Published: Cape Town, 1951
Stock Number: #10204/1
62 pages,8vo (240 x170mm), frontispiece, black and white illustrations, blue cloth, spine faded and frayed at the top and the bottom, corners lightly bumped with marks on the upper cover, a good copy.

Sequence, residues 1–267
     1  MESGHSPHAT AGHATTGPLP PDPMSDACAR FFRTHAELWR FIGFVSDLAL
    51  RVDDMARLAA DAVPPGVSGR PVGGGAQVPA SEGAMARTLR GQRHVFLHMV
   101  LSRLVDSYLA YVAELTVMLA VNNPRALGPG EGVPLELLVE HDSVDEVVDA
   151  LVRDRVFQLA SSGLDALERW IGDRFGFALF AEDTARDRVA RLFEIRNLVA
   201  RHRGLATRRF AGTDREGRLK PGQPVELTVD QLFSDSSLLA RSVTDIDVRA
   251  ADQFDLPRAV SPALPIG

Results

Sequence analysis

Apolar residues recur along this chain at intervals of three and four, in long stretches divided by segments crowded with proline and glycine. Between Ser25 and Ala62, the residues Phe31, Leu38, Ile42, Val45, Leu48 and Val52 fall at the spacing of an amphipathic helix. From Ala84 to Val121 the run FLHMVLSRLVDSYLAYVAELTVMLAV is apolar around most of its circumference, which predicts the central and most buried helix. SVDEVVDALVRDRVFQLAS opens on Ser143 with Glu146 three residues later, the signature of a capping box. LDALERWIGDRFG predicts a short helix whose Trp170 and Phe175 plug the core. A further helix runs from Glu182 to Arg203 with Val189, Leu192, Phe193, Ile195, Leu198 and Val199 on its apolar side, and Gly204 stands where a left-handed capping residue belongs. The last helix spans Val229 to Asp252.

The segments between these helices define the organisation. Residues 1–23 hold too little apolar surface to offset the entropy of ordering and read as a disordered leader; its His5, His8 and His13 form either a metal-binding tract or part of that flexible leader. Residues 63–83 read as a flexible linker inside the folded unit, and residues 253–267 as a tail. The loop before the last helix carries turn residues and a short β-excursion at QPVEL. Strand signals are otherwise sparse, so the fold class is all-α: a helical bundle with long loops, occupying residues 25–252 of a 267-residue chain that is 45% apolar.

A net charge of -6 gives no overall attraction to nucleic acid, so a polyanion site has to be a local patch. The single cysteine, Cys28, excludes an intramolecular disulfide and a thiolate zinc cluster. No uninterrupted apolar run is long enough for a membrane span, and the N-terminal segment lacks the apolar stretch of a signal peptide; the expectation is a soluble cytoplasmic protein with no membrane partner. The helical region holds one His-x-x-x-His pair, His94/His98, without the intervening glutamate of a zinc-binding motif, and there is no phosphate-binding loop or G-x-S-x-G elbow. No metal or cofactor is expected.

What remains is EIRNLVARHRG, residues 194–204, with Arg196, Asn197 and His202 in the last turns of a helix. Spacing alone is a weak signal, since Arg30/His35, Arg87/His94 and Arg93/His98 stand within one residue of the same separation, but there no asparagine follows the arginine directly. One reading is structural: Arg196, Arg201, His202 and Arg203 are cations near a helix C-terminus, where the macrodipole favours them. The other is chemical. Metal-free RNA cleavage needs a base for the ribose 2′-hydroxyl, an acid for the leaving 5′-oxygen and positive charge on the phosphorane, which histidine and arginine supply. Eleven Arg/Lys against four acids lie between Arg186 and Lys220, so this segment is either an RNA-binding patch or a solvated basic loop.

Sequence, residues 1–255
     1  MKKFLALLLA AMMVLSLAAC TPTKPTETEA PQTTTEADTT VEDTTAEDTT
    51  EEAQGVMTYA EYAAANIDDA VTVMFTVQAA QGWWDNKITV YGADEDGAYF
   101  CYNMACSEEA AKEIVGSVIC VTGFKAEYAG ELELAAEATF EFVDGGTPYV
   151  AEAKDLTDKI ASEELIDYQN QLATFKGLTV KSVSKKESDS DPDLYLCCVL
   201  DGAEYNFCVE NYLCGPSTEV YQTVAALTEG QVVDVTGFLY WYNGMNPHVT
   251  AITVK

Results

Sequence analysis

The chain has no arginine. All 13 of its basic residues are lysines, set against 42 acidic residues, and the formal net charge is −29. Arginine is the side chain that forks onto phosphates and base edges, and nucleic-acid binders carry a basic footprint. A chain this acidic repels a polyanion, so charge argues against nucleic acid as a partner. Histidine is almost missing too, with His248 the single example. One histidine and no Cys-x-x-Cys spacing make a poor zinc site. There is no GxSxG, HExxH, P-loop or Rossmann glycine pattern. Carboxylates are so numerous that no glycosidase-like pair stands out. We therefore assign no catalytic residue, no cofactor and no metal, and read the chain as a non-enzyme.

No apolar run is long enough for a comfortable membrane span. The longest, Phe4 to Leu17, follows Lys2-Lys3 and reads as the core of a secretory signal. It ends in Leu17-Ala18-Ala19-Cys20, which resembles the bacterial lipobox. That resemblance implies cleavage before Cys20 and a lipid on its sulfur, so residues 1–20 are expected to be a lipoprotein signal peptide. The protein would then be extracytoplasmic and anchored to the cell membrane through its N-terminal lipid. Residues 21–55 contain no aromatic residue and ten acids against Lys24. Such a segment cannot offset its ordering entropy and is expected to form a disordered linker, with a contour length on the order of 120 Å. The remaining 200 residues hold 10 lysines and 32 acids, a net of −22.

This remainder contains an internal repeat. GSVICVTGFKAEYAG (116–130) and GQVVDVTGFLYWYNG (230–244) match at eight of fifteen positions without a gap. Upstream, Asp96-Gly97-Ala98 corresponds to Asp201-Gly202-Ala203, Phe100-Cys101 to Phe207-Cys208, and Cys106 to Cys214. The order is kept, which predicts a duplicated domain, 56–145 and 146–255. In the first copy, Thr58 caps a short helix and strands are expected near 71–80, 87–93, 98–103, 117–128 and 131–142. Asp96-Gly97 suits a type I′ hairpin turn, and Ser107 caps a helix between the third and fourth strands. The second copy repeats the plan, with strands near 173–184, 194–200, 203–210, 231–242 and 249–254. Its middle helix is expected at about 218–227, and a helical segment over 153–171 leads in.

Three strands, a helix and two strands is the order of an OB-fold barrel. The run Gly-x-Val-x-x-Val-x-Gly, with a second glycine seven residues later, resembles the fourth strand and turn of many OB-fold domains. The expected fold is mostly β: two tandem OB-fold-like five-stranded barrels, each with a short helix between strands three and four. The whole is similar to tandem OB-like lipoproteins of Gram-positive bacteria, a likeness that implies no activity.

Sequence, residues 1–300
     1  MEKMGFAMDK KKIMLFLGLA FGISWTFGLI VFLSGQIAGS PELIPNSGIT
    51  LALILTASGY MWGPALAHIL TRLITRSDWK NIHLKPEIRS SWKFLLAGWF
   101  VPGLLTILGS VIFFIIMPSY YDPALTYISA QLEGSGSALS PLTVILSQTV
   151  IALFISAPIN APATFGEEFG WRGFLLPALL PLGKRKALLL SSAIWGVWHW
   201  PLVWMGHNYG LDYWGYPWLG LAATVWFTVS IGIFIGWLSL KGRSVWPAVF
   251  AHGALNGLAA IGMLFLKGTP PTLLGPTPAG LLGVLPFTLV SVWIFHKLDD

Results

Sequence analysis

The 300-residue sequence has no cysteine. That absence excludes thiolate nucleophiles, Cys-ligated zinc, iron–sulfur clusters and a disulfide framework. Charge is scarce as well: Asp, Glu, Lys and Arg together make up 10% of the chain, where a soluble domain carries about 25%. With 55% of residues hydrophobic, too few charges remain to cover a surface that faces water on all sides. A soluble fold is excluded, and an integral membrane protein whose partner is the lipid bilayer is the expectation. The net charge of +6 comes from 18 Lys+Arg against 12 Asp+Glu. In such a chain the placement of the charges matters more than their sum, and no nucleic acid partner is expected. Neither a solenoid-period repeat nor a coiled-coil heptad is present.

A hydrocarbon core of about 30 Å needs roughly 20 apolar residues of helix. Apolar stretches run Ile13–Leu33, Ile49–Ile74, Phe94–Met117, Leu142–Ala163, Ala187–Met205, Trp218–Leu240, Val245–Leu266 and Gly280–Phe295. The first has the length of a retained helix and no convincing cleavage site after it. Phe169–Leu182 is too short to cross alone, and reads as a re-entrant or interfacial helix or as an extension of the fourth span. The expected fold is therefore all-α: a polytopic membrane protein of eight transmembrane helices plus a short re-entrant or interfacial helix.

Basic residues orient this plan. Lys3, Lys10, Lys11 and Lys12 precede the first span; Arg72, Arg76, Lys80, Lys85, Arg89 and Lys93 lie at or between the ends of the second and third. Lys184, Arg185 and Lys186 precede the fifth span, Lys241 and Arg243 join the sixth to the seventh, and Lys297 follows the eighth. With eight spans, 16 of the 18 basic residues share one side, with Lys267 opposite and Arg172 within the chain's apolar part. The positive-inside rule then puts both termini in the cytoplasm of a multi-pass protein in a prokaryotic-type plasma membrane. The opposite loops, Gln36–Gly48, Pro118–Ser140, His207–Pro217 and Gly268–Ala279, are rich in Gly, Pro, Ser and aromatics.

Anreith arrived at the Cape of Good Hope as a soldier in the service of the Dutch East-India Company in 1777 on the vessel Woestduijn. Although he was a trained sculptor, he was initially employed as a carpenter. His status changed when, in the 1780s, a wealthy Lutheran named Martin Melck commissioned him to carve a pulpit for the Lutheran Church in Strand Street, Cape Town. In 1786, he was appointed master-sculptor to the Dutch East India Company.In 1789 Thibault and Anreith were joined by Hermann Schutte, an architect and builder from Bremen and the three of them had a profound influence on the development of Cape Town architecture in the late 18th and early 19th centuries. The triumvirate of Thibault, Anreith and Schutte would for many years work from a workshop in the Castle.In addition to his sculpture and plaster-work, Anreith made a living teaching life drawing and geometry. He was also head of the first art school in South Africa which was founded by the Freemasons. He became a Freemason in 1797 as a member of the Lodge de Goede Hoop, for which he designed a number of lime plaster statues, Anton Anreith's later years were marked by poverty, loneliness and a decline in the quality of his work due to frailty.He died in 1822, at his residence at 8 Bloem Street, Cape Town.https://en.wikipedia.org/wiki/Anton_Anreith